Log In

Reset Password

Opinion: Fetterman breezes to Senate nomination

While Republicans Mehmet Oz and Dave McCormick are locked in a neck-and-neck struggle for the U.S. Senate nomination in Pennsylvania, Democratic nominee Lt. Gov. John Fetterman routed his nearest competitor by 30 points.

Fetterman and the ultimate winner of the GOP nomination will square off in November to determine who takes over for Pat Toomey, the Lehigh County Republican who decided not to run for re-election.

Most political observers were expecting a much closer race between Fetterman and U.S. Rep. Conor Lamb, D-Pa., but the 6-foot-9-inch, tattooed and shorts and hoodie-wearing Fetterman was the first to declare his candidacy, raised a ton of money by being the first out of the box and rewrote the textbook after his dismal showing for the same office in 2016 when Toomey won re-election. The best Fetterman could do was finish a distant third in a four-candidate race for the Democratic nomination. In 2016, Toomey won a narrow victory over Democratic nominee Katie McGinty.

This time around, Fetterman came in first in each of Pennsylvania’s 67 counties. Even having a stroke days before the primary and having a pacemaker implanted on primary election day could not derail the Fetterman express.

Fetterman and his doctors say they expect him to make a full recovery and confirmed that there was no cognitive damage from the stroke. Seeing Fetterman cast an emergency absentee ballot from his hospital room was surprising, to say the least, but it matches up with his tough-guy image.

A native of West Reading, graduate of Albright College and former mayor of Braddock, a borough of about 1,800 near Pittsburgh, Fetterman tied his coattails to Tom Wolf, and the team won an easy victory over Scott Wagner and running mate Jeff Bartos four years ago.

Fetterman’s nomination represents a deviation from the selection of more moderate candidates by Democratic voters in recent elections. Analysts believe Fetterman was able to appeal to voters by his down-to-earth, populist appeal, whereas the more formal Lamb sought mainstream party endorsements and ran a much more conventional campaign.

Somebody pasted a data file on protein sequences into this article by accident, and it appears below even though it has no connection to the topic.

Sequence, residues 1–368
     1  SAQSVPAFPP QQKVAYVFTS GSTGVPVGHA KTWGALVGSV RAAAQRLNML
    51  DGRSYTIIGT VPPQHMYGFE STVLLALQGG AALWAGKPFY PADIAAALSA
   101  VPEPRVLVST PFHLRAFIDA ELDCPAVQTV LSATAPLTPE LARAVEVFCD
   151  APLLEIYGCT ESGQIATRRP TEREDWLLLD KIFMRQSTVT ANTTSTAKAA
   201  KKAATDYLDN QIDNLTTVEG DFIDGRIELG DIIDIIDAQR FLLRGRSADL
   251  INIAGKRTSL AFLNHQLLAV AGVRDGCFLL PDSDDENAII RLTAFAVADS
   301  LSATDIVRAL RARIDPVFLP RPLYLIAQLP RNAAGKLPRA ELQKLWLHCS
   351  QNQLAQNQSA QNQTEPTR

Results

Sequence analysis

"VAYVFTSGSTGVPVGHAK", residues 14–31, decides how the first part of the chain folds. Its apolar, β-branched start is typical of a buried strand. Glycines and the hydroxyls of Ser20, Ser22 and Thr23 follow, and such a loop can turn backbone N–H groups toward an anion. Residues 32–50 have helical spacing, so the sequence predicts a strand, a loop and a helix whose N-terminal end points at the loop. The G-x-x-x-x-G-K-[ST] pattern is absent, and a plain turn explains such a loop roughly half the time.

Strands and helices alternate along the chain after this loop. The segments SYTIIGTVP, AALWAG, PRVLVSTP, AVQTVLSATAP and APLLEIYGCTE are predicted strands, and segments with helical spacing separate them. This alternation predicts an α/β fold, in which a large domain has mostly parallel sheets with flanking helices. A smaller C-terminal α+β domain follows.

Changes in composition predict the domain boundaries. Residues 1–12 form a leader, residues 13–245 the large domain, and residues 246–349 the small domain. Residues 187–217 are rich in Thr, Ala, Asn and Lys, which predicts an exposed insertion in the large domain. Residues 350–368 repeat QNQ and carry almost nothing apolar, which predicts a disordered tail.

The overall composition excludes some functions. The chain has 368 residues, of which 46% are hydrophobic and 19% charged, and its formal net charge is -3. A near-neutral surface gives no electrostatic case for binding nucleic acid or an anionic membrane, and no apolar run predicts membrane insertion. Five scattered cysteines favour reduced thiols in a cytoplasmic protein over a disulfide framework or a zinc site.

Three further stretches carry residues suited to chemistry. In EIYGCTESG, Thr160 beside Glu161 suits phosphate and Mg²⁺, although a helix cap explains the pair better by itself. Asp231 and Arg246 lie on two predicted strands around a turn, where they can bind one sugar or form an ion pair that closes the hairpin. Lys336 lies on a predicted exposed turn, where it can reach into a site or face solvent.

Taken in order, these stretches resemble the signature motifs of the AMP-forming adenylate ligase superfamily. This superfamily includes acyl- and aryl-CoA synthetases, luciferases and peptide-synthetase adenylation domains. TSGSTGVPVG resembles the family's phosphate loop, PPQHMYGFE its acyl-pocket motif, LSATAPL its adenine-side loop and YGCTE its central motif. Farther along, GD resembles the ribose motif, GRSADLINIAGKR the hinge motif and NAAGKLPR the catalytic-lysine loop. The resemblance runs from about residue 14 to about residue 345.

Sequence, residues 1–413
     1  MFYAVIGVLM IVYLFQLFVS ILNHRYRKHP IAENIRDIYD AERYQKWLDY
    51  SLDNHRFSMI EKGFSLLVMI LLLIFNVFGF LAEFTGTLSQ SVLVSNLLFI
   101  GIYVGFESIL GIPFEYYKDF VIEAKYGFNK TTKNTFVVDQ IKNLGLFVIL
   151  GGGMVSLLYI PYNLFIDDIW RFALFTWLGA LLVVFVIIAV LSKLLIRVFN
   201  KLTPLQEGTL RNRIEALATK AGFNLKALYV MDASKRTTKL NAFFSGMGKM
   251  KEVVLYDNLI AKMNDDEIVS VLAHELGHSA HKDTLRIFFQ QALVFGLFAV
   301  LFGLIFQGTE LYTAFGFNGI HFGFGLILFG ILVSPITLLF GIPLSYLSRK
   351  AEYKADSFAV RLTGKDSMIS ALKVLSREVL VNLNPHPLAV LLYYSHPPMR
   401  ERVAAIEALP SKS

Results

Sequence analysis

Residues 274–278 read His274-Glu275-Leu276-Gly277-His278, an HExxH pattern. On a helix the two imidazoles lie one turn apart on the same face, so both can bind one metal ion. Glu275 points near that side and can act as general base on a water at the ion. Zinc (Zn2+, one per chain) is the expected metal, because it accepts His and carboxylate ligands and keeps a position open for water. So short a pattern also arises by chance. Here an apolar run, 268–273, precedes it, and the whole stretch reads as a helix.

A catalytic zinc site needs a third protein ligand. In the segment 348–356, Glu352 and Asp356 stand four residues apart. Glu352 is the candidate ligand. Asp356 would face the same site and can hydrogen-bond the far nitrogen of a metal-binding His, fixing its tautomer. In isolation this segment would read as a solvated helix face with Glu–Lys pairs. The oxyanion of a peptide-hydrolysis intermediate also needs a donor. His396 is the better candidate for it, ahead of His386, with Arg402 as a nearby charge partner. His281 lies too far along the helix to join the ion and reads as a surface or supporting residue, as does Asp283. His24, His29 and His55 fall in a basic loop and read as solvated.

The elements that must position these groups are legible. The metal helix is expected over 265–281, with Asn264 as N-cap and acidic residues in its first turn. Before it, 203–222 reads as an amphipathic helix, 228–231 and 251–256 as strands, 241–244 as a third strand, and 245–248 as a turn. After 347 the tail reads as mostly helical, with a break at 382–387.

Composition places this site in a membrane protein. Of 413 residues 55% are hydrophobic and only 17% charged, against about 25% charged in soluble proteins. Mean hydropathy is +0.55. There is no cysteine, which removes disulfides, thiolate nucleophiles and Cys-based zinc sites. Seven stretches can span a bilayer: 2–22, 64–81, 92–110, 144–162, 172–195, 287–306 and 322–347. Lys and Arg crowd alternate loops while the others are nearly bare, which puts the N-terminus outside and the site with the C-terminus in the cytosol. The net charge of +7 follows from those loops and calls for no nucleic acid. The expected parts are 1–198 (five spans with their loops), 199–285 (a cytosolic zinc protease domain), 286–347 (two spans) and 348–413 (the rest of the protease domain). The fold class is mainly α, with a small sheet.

Fetterman makes no bones about his being a populist-progressive candidate, but he also stressed that he is an advocate of common sense and has steered clear of some of the extreme left positions taken by national Democratic progressives such as Alexandria Ocasio-Cortez, D-New York.

In recent years, Democrats have embraced top-of-the-ticket newcomers, including Tom Wolf, when he came out of nowhere to unseat incumbent Republican Tom Corbett in the 2014 gubernatorial race. While Fetterman is not a newcomer in the strictest sense and brought significant name recognition as lieutenant governor to the campaign, he is not seen as part of the political establishment, choosing instead to march to his own drum when it comes to political strategy.

There are still a number of Democrats who believe that Lamb’s more moderate brand of politics would have been more acceptable to independent and Republican voters in the general election. Still, there is no quarreling with Fetterman’s strategy of going straight to the voters and largely circumventing the Democratic establishment that Lamb courted.

Lamb had hoped to win the endorsement of the Democratic State Committee, which ultimately decided not to endorse candidates this year.

Fetterman netted strong attention through a statewide marijuana decriminalization listening tour in 2019, which brought him to counties in our area.

With the general election less than six months away, Fetterman’s next challenge is even more daunting. He has shown that he can raise money, but now he will be up against a multimillionaire with baskets full of cash, regardless of which two Republicans wins the nomination. McCormick, Oz and their respective supporters spent about $55 million in the primary, by far the most of any other primary in the nation, and the general election will be equally costly.

The question of Fetterman’s health is sure to be an issue - if not openly, then behind closed doors. The word “stroke” will strike fear and loathing among some prospective voters. How Fetterman handles this in his day-to-day actions once he is back on the campaign trail will go far in minimizing whether his health will be a factor in the way voters cast their ballots. In the 24-hour period after the primary, Fetterman’s campaign received $1.6 million in donations.

Fetterman has an ace in the hole: his wife, Gisele, who has become a celebrity in her own right as she has accompanied and stood in for her husband at campaign events. In fact, she was very impressive when she delivered her husband’s victory speech on election night.

By Bruce Frassinelli | tneditor@tnonline.com

The foregoing opinions do not necessarily reflect the views of the Editorial Board or Times News LLC.